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Design Patterns in the 21st Century: The Adapter Pattern

This is part three of my talk, Design Patterns in the 21st Century.

The Adapter pattern bridges worlds. In one world, we have an interface for a concept; in another world, we have a different interface. These two interfaces serve different purposes, but sometimes we need to transfer things across. In a well-written universe, we can use adapters to make objects following one protocol adhere to the other.

There are two kinds of Adapter pattern. We're not going to talk about this one:

interface Fire {
    <T> Burnt<T> burn(T thing);

interface Oven {
    Food cook(Food food);

class WoodFire implements Fire { ... }

class MakeshiftOven extends WoodFire implements Oven {
    @Override public Food cook(Food food) {
        Burnt<Food> noms = burn(food);
        return noms.scrapeOffBurntBits();

This form, the class Adapter pattern, freaks me out, because extends gives me the heebie jeebies. Why is out of the scope of this essay; feel free to ask me any time and I'll gladly talk your ears (and probably your nose) off about it.

Instead, let's talk about the object Adapter pattern, which is generally considered far more useful and flexible in all regards.

Let's take a look at the same class, following this alternative:

class MakeshiftOven implements Oven {
    private final Fire fire;

    public MakeshiftOven(Fire fire) {
        this.fire = fire;

    @Override public Food cook(Food food) {
        Burnt<Food> noms = fire.burn(food);
        return noms.scrapeOffBurntBits();

And we'd use it like this:

Oven oven = new MakeshiftOven(fire);
Food bakedPie = oven.cook(pie);

The pattern generally follows this simple structure:

Adapter pattern UML diagram

That's nice, right?

Yes. Sort of. We can do better.

We already have a reference to a Fire, so constructing another object just to play with it seems a bit… overkill. And that object implements Oven. Which has a single abstract method. I'm seeing a trend here.

Instead, we can make a function that does the same thing.

Oven oven = food -> fire.burn(food).scrapeOffBurntBits();
Food bakedPie = oven.cook(pie);

We could go one further and compose method references, but it actually gets worse.

// Do *not* do this.
Function<Food, Burnt<Food>> burn = fire::burn;
Function<Food, Food> cook = burn.andThen(Burnt::scrapeOffBurntBits);
Oven oven = cook::apply;
Food bakedPie = oven.cook(pie);

This is because Java can't convert between functional interfaces implicitly, so we need to give it lots of hints about what each phase of the operation is. Lambdas, on the other hand, are implicitly coercible to any functional interface with the right types, and the compiler does a pretty good job of figuring out how to do it.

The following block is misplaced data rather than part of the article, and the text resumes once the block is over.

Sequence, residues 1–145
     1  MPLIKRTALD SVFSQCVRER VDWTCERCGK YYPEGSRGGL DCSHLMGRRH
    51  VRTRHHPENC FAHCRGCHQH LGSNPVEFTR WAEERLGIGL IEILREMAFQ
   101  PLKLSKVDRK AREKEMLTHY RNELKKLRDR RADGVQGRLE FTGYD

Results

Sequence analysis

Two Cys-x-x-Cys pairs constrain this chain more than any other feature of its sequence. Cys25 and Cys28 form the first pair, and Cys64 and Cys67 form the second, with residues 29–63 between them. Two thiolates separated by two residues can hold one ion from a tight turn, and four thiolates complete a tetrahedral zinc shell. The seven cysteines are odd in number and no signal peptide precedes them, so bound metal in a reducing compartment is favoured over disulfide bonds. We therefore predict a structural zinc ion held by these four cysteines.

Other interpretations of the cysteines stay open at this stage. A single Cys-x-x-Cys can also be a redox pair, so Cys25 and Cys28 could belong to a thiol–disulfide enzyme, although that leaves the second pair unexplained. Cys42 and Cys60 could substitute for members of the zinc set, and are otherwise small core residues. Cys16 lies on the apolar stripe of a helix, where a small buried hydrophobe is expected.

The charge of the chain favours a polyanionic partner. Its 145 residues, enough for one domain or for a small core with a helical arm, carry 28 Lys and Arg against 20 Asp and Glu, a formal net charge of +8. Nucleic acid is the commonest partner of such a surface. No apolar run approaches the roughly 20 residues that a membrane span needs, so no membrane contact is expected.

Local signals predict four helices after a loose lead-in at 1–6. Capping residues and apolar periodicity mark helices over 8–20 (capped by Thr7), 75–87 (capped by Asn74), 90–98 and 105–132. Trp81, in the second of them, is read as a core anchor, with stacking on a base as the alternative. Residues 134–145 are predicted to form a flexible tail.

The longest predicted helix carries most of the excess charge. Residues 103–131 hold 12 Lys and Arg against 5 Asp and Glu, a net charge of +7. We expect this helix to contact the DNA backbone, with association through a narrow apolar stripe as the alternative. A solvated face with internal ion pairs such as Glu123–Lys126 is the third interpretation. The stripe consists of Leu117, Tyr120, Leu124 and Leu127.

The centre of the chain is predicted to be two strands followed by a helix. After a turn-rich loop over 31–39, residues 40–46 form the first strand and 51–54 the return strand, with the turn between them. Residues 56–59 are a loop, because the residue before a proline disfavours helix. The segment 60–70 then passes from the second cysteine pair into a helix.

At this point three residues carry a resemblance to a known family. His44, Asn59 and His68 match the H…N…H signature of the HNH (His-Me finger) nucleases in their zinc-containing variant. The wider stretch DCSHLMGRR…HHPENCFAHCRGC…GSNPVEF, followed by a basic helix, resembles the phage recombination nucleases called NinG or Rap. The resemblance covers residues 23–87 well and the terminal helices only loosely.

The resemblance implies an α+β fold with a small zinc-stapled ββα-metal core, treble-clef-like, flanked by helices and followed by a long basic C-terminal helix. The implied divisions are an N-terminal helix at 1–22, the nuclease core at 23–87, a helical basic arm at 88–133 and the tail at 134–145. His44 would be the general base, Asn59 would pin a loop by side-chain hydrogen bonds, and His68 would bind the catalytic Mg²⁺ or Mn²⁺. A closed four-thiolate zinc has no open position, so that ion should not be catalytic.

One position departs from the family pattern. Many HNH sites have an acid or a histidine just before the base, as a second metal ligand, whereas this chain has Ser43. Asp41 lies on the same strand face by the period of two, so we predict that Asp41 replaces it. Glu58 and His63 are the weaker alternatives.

Our new UML diagram will look something like this:

Updated Adapter pattern UML diagram

Often, though, all we really need is a method reference. For example, take the Executor interface.

package java.util.concurrent;

 * An object that executes submitted {@link Runnable} tasks.
public interface Executor {
    void execute(Runnable command);

It consumes Runnable objects, and it's a very useful interface.

Now let's say we have one of those, and a bunch of Runnable tasks, held in a Stream.

Executor executor = ...;
Stream<Runnable> tasks = ...;

How do we execute all of them on our Executor?

This won't work:


It turns out the forEach method on Stream does take a consumer, but a very specific type:

public interface Stream<T> {

    void forEach(Consumer<? super T> action);


A Consumer looks like this:

public interface Consumer<T>
    void accept(T t);


At first glance, that doesn't look so helpful. But note that Consumer is a functional interface, so we can use lambdas to specify them really easily. That means that we can do this:

tasks.forEach(task -> executor.execute(task));

Which can be simplified further to this:


Java 8 has made adapters so much simpler that I hesitate to call them a pattern any more. The concept is still very important; by explicitly creating adapters, we can keep these two worlds separate except at defined boundary points. The implementations, though? They're just functions.

Tomorrow, we'll be looking at the Chain of Responsibility pattern.

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